PARIS — At Yves Saint Laurent, the storied French design house that manufactures exclusively in Europe, the plunging value of the U.S. dollar has Chief Executive Valerie Hermann thinking about the number of pockets on a skirt and the price of embroidery on a dress.
Hermann is adamant that YSL include in its ready-to-wear offerings cocktail dresses that cost no more than 1,900 euros. "It's a crucial limit," she said.
For The Record
Los Angeles Times Tuesday, November 20, 2007 Home Edition Main News Part A Page 2 National Desk 1 inches; 37 words Type of Material: Correction
Weak dollar: In Saturday's Section A, a graph accompanying a story about the declining value of the dollar indicated that it was worth 0.49 of a British pound, but the data point was incorrectly placed at 0.475.
Six months ago, that was the equivalent of $2,565. Today, she'd have to sell the same garment for $215 more to make the same profit. But Hermann can't because she is reluctant to pass on the increase to the consumer.
So if Hermann can eliminate a pocket on a garment without sacrificing the integrity of its design, she will.
"I have never been as careful as I am now to look at the entry-level price of a product," she said. "Because I know that currently in the U.S. the market is driven by that, and, to a greater extent, by this currency problem."
The euro's rise and dollar's slide are squeezing European exporters' profits or multiplying their losses, prompting layoffs and plant closings. Companies are not only curbing production of goods headed to U.S. buyers but also rethinking the way they do business.
The euro recently passed the record $1.47 mark, gaining 11.5% since the beginning of the year against the greenback. It closed Friday at $1.46; a dollar bought 0.68 euro.
Most emblematic of the problem has been the impact of the euro-dollar relationship on the aeronautics industry -- and particularly on France's Airbus, whose main rival is U.S.-based Boeing.
With a falling dollar making Boeing's products cheaper outside the U.S. and Airbus' more expensive, Louis Gallois, chief executive of Airbus' parent EADS, recently described the sinking U.S. currency as a "sword of Damocles" hanging over the company's future. He vowed to cut an additional 1 billion euros in operating costs by 2010 or 2011.
This would mean more layoffs at a company that is already purging 10,000 jobs, a decision made when one euro equaled $1.35. "We must react," Gallois told a French radio station last week.
This week, speaking at the Dubai Air Show, Airbus chief Tom Enders further spelled out the problem: "As you know, if the dollar decreases by 10 cents, we are challenged to save another 1 billion euros. Therefore, Airbus is currently undergoing a fundamental turnaround of the company. In a nutshell: A 'new' Airbus is underway."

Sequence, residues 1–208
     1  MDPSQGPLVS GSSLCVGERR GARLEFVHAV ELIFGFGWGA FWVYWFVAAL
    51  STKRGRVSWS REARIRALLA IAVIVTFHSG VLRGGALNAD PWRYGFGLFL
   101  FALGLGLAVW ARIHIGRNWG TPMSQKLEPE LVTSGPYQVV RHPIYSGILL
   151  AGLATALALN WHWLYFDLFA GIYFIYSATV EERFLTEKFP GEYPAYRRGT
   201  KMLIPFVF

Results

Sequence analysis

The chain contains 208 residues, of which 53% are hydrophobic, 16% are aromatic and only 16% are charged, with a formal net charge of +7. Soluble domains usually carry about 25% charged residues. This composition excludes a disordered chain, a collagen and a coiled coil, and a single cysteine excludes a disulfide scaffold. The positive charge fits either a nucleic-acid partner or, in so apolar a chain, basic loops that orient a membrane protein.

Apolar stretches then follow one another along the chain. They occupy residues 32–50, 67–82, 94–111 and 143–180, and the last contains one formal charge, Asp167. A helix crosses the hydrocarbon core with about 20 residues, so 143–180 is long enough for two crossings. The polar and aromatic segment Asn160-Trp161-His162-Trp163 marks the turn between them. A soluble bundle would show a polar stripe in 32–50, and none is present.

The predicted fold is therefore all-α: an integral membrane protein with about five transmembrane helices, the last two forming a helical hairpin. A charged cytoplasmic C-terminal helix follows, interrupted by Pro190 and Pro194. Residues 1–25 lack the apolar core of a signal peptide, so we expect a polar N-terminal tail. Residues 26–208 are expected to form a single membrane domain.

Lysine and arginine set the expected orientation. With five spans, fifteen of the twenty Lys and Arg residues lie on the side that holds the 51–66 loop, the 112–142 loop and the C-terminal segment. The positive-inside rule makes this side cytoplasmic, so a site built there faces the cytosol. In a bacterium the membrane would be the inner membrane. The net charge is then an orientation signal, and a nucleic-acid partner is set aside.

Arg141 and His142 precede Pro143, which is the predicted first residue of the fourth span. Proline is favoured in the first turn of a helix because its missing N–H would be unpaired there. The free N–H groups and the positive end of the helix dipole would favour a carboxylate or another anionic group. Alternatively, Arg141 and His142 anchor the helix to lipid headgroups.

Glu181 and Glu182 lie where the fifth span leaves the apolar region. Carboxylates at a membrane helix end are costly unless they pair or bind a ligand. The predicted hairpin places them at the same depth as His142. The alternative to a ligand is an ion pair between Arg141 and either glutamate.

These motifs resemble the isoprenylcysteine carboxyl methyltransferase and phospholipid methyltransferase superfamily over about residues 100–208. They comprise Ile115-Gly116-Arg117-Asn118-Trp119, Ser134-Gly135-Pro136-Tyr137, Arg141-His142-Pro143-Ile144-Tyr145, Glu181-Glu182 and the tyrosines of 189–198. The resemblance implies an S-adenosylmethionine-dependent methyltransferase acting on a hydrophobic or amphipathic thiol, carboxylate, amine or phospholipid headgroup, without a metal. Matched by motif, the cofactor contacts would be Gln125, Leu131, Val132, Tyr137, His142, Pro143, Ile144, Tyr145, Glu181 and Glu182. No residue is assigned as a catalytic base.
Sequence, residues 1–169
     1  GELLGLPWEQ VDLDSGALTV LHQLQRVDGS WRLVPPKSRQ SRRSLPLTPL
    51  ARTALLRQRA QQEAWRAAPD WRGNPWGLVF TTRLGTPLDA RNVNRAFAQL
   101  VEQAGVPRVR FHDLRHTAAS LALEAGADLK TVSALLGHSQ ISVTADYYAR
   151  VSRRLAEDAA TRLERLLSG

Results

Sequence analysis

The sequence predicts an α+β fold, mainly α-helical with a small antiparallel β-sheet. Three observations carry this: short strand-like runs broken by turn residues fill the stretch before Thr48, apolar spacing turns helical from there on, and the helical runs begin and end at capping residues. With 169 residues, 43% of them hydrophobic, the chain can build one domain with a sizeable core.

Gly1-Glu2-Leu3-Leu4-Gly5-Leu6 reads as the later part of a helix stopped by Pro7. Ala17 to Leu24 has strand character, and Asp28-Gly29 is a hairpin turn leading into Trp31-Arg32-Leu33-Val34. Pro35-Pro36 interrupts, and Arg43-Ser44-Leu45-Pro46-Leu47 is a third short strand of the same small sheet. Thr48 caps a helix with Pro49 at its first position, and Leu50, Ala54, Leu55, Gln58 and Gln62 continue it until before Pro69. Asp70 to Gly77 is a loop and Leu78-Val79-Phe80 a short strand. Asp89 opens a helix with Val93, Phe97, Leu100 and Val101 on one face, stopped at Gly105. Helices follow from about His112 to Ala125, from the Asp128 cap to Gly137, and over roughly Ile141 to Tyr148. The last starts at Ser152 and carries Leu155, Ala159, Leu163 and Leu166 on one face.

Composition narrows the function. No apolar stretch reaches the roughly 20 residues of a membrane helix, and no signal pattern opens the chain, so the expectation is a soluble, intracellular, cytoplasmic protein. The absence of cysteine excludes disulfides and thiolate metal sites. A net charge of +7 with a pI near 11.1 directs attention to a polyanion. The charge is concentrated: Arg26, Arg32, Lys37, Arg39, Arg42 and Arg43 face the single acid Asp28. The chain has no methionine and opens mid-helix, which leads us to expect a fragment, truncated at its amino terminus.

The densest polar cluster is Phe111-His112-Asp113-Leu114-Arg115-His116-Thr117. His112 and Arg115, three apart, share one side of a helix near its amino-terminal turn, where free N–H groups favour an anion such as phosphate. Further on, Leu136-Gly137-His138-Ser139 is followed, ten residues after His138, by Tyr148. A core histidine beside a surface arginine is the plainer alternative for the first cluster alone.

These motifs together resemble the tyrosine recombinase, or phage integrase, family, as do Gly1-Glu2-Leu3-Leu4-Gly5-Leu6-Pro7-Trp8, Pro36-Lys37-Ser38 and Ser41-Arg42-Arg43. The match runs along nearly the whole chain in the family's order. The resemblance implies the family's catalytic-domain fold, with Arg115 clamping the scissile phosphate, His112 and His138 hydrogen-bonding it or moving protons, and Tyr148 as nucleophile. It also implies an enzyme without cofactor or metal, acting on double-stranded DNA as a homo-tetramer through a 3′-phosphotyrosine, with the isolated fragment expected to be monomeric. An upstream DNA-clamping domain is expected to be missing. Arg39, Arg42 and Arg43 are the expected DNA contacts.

Less dramatic but no less crucial is the impact on other European companies that export sophisticated equipment, technology, cosmetics, cars and luxury goods. For firms that make a large portion of their sales in the United States or compete with firms that deal in dollars, survival depends on raising prices, cutting costs or hedging currencies.
The strong British pound, moribund Japanese yen and undervalued Chinese yuan also play roles in this tale of currency chaos, from a European exporter's perspective. Nearly every day, another company announces more lost earnings and job cuts and blames the currency commotion.
Last month it was British aerospace company Rolls-Royce (not the carmaker) declaring that it wants to move 230 jobs and its operations for making industrial turbines from its plant near Liverpool, England, to one in Mount Vernon, Ohio. The company cited high costs and the strength of the pound against the dollar for the decision.
This week, Infineon, Germany's top semiconductor maker with almost 8 billion euros in annual sales and 41,500 employees, announced that it lost 150 million euros in the latest quarter because of the weak dollar. Exports generate nearly half of Germany's gross domestic product, and if the dollar hits $1.50 against the euro, German bankers are predicting that the whole economy will suffer.
"For a while, European companies had wiggle room for the falling dollars to eat up their profit margins," said Alan Ahearan, an economist at Bruegel, a Brussels-based think tank. "But it's fallen so much it's no longer profitable to sell in the U.S. They can't compete with U.S. or Asian firms in the United States. So they're going to have to reduce European exports, and that implies layoffs and downward pressure to the European economy."
Government officials have yet to offer relief to these exporters, but European Central Bank President Jean-Claude Trichet became more forceful in his language last week when he said currency rate shifts had been "brutal."
Enraged that Trichet hadn't intervened to help small businesses, Reinold Geiger, president of L'Occitane of Provence, wrote to Trichet to complain that 12% of his annual $400 million in sales had "evaporated" over the last year because of the currency inequity. He received no response.
Geiger has spent years establishing his line of body and skin care products and fragrances made in the south of France, opening 12 stores in the Los Angeles area alone. "We just can't make our line in China," he said.